A 57-year-old Cantonese-speaking woman claims a trio of thieves hypnotized her into giving them $160,000 in life savings in a bizarre scam that has Chinatown leaders raising alarms about bewitching bamboozlers — and experts raising their eyebrows about the victim’s spellbinding tale.
“It seems like it’s something that’s potentially very dangerous,” said Mark Liu, deputy director of Boston’s Chinese Progressive Association. “I think the elderly are particularly vulnerable because they obviously would have a hard time just walking away.”
Police, who are taking the scam seriously, didn’t say how the three women, who were described as Asian and in their 30s and 40s, were able to lull the victim into a hypnotic trance, but Liu’s organization has warned its members to remain vigilant when approached by strangers and to keep conversations brief.
Local clinical hypnotist Harvey Zarren said people can be entranced into turning over cash, but it usually happens over a longer period of time or in a cult setting.
“Having somebody instantaneously hypnotize you on the street and you turn over huge amounts of valuables, to me, sounds a little unlikely,” said Zarren, a board member for the New England Society of Clinical Hypnosis. “I look at this story and I say somebody is going to have to prove this to me.”
Boston police said reports of similar scams have surfaced in New York City, and community leaders told the Herald the con has roots in Chinese lore. Liu said his mother warned him of mesmerized muggings as a child in Hong Kong.
Police, who issued an alert yesterday, said the victim was food shopping in Boston’s Chinatown on April 15 when three women, who also spoke Cantonese, tapped her on the shoulder and began asking random questions about her family members.
Only one con artist spoke and the victim told police she believes she was unwillingly hypnotized by the suspects, who gave her a plastic bag and dispatched her home with instructions to meet them several hours later on Boston Common, according to police. The victim filled the bag with two gold rings, a necklace, a jade bracelet, her passport and $160,000 cash and rendezvoused, valuables in hand, with the three women, cops said.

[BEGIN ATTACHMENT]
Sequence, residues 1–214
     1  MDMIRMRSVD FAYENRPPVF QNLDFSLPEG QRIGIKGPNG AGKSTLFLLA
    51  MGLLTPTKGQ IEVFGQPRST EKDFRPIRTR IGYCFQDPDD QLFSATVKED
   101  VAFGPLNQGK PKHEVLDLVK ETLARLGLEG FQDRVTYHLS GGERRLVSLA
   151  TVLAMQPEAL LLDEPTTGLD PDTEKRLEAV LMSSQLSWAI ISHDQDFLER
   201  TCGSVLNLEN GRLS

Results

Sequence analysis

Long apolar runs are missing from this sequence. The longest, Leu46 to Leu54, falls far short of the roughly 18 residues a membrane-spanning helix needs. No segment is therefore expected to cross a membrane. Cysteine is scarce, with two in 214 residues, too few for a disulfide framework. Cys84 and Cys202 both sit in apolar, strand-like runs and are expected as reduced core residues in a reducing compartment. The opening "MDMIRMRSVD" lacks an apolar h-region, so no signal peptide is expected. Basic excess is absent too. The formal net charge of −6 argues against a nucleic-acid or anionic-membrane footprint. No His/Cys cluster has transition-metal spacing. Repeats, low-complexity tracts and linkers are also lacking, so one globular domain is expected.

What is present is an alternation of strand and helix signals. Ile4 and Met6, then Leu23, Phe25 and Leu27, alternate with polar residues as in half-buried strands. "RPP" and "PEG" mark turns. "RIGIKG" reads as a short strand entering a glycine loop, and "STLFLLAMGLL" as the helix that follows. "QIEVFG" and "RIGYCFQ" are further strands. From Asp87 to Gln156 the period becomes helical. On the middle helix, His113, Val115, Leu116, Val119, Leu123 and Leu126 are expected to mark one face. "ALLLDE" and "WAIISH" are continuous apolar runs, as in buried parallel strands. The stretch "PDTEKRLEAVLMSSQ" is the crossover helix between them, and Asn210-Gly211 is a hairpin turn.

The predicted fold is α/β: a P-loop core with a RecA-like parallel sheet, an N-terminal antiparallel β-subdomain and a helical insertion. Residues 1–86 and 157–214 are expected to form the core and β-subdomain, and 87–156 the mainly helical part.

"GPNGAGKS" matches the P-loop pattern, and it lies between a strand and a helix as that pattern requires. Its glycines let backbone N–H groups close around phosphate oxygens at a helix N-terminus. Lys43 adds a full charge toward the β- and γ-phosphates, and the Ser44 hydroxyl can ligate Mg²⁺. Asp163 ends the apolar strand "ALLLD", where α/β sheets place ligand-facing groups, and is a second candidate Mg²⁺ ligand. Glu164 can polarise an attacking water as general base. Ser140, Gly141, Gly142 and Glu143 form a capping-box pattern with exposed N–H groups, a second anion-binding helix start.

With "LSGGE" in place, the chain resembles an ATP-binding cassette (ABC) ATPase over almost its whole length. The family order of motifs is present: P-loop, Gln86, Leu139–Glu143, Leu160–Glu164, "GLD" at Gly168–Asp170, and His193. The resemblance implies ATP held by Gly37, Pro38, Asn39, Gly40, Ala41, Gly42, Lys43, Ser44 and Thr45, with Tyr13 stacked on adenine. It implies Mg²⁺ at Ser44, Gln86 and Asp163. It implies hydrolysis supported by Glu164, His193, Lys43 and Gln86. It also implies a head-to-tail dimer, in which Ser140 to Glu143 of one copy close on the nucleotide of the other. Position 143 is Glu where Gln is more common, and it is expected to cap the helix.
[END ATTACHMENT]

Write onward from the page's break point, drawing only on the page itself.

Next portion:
Since the alleged incident, Chinatown has been on edge amid tales of at least two other unreported evil enchantments, including one elderly man swindled out of $20,000, said Georgiana Tam, office manager at the Asian American Civic Association.
“If anyone asks me for directions,” said Tam, “I’m not going to respond.”
Boston police said last month’s incident in Chinatown is the only report they have received of a heist by hypnosis.
Poling Ng, program director at Manhattan’s Open Door Senior Center, said the scam is widely under-reported because the victims don’t speak English or are embarrassed to go to police. She said reports of similar cons have increased from past years, citing several this week.
“Before, you laughed at it,” Ng said. “But these couple of months, it’s a really serious problem. That’s why our social workers and case workers really try to protect our seniors and talk to them.”